The Wright Model A was an early aircraft produced by the Wright Brothers in the United States beginning in 1906. It was a development of their Flyer III airplane of 1905. The Wrights built about seven Model As in their bicycle shop during the period 1906–1907 in which they did no flying. One of these was shipped to Le Havre in 1907 in order to demonstrate it to the French. The Model A had a 35-horsepower (26 kW) engine and seating for two with a new control arrangement. Otherwise it was identical to the 1905 airplane. The Model A was the first aircraft that they offered for sale, and the first aircraft design to enter serial production anywhere in the world. Apart from the seven machines the Wrights built themselves in 1906–1907, they sold licences for production in Europe with the largest number of Model As actually being produced in Germany by Flugmaschine Wright GmbH, which built about 60 examples.
The 1909 Military Flyer was a one-of-a-kind Model A built by the Wright Brothers. With wings shortened two feet and the same engine salvaged from the 1908 Wright Military Flyer wrecked at Fort Myer, it differed from the standard Wright A in size and had a faster speed. The aircraft was demonstrated at Fort Myer, Virginia beginning June 28, 1909 for the Aeronautical Division of the U.S. Army Signal Corps, which offered a contract of $25,000 ($638,796 in 2008 dollars) for an aircraft capable of flying at 40 miles per hour (64 km/h) with two people on board for a distance of 125 miles (201 km). After rigorous trials the Signal Corps accepted the airplane as "Signal Corps (S.C.) No. 1", August 2, 1909, paying the brothers $30,000 ($766,556 in 2012 US dollars).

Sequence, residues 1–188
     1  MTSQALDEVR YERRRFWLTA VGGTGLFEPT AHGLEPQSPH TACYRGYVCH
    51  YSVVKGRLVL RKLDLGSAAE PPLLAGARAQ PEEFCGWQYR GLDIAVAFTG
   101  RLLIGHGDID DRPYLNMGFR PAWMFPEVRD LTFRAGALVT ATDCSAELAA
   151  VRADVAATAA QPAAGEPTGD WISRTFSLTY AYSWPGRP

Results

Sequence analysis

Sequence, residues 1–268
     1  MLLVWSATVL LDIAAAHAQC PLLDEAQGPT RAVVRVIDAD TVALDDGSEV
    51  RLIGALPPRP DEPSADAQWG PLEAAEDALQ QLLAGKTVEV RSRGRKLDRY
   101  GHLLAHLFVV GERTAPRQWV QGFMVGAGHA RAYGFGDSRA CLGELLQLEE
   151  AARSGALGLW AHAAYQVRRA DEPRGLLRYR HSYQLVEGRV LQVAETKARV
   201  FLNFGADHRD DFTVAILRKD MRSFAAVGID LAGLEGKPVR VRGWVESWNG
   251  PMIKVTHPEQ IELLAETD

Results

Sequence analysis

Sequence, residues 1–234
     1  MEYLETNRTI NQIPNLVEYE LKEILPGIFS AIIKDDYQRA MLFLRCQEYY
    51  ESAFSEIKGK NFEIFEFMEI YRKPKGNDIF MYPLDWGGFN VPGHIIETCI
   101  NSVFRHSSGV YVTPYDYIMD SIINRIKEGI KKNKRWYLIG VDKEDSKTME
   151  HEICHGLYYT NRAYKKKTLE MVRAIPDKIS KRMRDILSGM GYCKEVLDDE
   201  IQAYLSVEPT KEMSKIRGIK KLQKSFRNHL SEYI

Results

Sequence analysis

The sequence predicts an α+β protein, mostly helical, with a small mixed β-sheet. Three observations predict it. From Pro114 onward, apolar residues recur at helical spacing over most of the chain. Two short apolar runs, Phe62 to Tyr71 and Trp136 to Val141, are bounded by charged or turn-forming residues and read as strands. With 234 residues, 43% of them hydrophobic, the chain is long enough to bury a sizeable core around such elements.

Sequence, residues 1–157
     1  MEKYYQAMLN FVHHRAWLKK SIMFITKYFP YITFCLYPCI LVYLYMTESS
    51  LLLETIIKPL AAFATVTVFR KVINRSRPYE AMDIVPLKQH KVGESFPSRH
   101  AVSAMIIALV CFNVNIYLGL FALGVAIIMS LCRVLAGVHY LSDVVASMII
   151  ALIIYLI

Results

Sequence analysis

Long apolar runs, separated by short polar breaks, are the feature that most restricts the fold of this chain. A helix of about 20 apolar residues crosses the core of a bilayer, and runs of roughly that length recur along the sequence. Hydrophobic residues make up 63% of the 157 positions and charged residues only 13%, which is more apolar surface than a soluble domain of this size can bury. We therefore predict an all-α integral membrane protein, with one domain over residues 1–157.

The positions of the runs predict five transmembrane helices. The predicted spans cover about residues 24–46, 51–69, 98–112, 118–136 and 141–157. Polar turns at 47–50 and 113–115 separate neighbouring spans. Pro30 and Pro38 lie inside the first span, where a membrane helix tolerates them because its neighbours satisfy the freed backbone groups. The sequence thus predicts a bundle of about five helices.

Individual control arrangement 
Wilbur and Orville devised slightly different flight controls in the Model A airplanes they built separately in France and the United States for their 1908 and 1909 public demonstrations. The Smithsonian's National Air and Space Museum refers to "The Wilbur Method" and "The Orville Method". In Wilbur's method, the roll and yaw controls were combined on the same lever at the pilot's right hand. A forward-backward movement controlled the rudder, while a sideways or left-and-right motion controlled wing-warping. In the Orville Method, moving the stick controlled wing-warping, while a knob atop the stick controlled the rudder. In both methods the left-hand lever operated the forward elevator to control pitch. Wilbur trained French and Italian pilots using his method, and Orville trained German pilots while in Germany in 1909 for the Wright GmbH as well as American pilots at the Wright Company flight school using his method.
Orville Wright and Model A, Tempelhof Field, Berlin September 1909. This machine is now preserved in the Deutsches Museum, Munich.
- Wright Flyer III was itself the prototype in 1908. Flyer III was restored in the late 1940s back into its original 1905 configuration.